I am doing an independent study for a class and part of the ‘research’ is understanding the history and evolution of development studies as a field. This of course necessitates an understanding, even if cursory, of the history of development. Ambiguous, contentious, contested, the list of adjectives is endless and is you can see fraught with doubt. Of course at this stage in my program I cannot claim complete ignorance of the history of development, but my understanding is fragmented, often starting arbitrarily post the second World War. I am not going to devote this post to rehash what has been said and written eloquently by many others, I will save that for my’research’. But I will strongly recommend ‘The No-Nonsense Guide to International Development’ by Maggie Black to you.
I came across the name of the book in a bibliography in another book ‘The Radical History of Development Studies’, which I found to be a useful foundation as I try and understand development studies and programs in the 21st century (would you be surprised if I told you that most of the programs are concentrated in North America and Europe – check out the CGDEV website for more details). Also here is a graph I made made based on this data and never used for a presentation:
So I ordered it through the wonderful Inter Library Loan service that the university has, something I did not even know was a possibility till I came to the university. It is a tiny book and when I started it, I thought it would be a quick read. It was, but it wasn’t as quick as I thought, because its simple, concise and aimed-to-be-understood sentence structures had a lot to offer.
It starts by outlining when the term development started to be used. She highlights that even though many from the South such as Gandhi, Mao have contributed to the ideas that are now part of development, the term as we know it was birthed in the post second WW era. She succinctly outlines how the meanings of the terms have evolved over the years, how the stakeholders have expanded from just the governments to civil societies and communities themselves. She runs us through all of those milestones, which for many were road to destitution, the structural adjustment plans, the push for free-markets and more. She talks about how folks like Yunus have put forward ideas such as microfinance that go against the traditional view of large-scale, top-down ideas but these too have been co-opted into the mainstream agenda.
If you have interest in understanding development and international development (and the latter term is even more contested, with some saying there is no such thing, only international development agencies), I would recommend reading the book. I want to end with some lines from the end, which I thought were useful, concrete, and offered something instead of just adding to the confusion:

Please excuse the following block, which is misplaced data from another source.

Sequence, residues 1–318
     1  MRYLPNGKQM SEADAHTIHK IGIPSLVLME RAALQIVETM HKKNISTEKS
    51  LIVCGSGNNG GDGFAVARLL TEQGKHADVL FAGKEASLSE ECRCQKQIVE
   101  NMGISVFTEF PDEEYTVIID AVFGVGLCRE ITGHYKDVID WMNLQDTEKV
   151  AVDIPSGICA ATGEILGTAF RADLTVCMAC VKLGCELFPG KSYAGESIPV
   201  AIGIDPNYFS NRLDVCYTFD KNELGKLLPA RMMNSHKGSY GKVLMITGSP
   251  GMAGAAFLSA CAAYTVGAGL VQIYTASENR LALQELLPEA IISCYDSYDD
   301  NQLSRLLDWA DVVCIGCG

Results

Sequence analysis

“Acknowledgement is made that there is no one route to sustainable development. But the development establishment does not seem to understand the implications of this for policy in institutional terms…Perhaps the leaps of understanding, structural inhibitions and obduracy of vested interests are just too daunting.” (p 109)
“It had become clear that interventions to support livelihoods not only had to fit economic and social realities but also to contend with power structures. If they did not, vested interests might destroy them or co-opt every benefit to themselves.” (p 112)
“How could an end-state and a process – ‘development’ – that was meant to be synonymous with poverty reduction have been subverted in such a way as to reinforce the poverty of millions of people?” (p 130)
“Despite five decades of dashed hope, the development industry is not in retreat: far from it. More studies and analyses of its various dimensions are produced by the day. More people are employed. More research students ponder ‘knowledge transfer’ and ‘participatory appraisal’… But then development has always suffered from oversimplification both of the problem and the prescription.” (p 131)
“The proliferating international circus – the conferences, summits, commissions, and their magisterial inquiries into the state of the world’s this or that – too often imply that, if only the world can reach consensus around key policy principles, the obstacles to development will crumble.” (p 136-137)
I will stop quoting the book at you now and hope you get a chance to read it and reflect on what it is saying. Now back to the hamster wheel of graduate school.